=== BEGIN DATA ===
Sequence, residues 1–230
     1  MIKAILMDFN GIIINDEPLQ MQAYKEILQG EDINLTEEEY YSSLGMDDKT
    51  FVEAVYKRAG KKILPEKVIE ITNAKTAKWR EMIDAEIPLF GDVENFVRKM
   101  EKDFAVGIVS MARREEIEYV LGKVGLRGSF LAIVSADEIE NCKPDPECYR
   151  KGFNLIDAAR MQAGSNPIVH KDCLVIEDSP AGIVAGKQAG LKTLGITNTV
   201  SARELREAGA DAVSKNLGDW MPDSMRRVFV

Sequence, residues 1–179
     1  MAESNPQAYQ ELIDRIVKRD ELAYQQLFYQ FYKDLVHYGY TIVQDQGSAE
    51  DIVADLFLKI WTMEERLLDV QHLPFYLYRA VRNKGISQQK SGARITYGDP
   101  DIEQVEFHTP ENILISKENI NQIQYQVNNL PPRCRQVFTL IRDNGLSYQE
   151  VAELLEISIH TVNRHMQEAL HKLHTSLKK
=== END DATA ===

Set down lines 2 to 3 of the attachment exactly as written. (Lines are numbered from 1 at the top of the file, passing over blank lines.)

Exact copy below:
     1  MIKAILMDFN GIIINDEPLQ MQAYKEILQG EDINLTEEEY YSSLGMDDKT
    51  FVEAVYKRAG KKILPEKVIE ITNAKTAKWR EMIDAEIPLF GDVENFVRKM